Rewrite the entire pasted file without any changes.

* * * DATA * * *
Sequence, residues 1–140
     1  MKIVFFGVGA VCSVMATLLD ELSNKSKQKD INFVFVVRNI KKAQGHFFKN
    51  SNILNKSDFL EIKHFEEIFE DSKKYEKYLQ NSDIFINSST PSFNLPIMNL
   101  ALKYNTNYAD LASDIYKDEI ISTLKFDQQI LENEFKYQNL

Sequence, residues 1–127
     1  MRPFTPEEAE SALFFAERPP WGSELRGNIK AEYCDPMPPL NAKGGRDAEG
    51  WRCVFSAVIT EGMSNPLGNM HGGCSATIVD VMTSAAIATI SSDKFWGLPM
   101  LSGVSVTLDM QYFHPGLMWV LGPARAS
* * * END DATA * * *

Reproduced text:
Sequence, residues 1–140
     1  MKIVFFGVGA VCSVMATLLD ELSNKSKQKD INFVFVVRNI KKAQGHFFKN
    51  SNILNKSDFL EIKHFEEIFE DSKKYEKYLQ NSDIFINSST PSFNLPIMNL
   101  ALKYNTNYAD LASDIYKDEI ISTLKFDQQI LENEFKYQNL

Sequence, residues 1–127
     1  MRPFTPEEAE SALFFAERPP WGSELRGNIK AEYCDPMPPL NAKGGRDAEG
    51  WRCVFSAVIT EGMSNPLGNM HGGCSATIVD VMTSAAIATI SSDKFWGLPM
   101  LSGVSVTLDM QYFHPGLMWV LGPARAS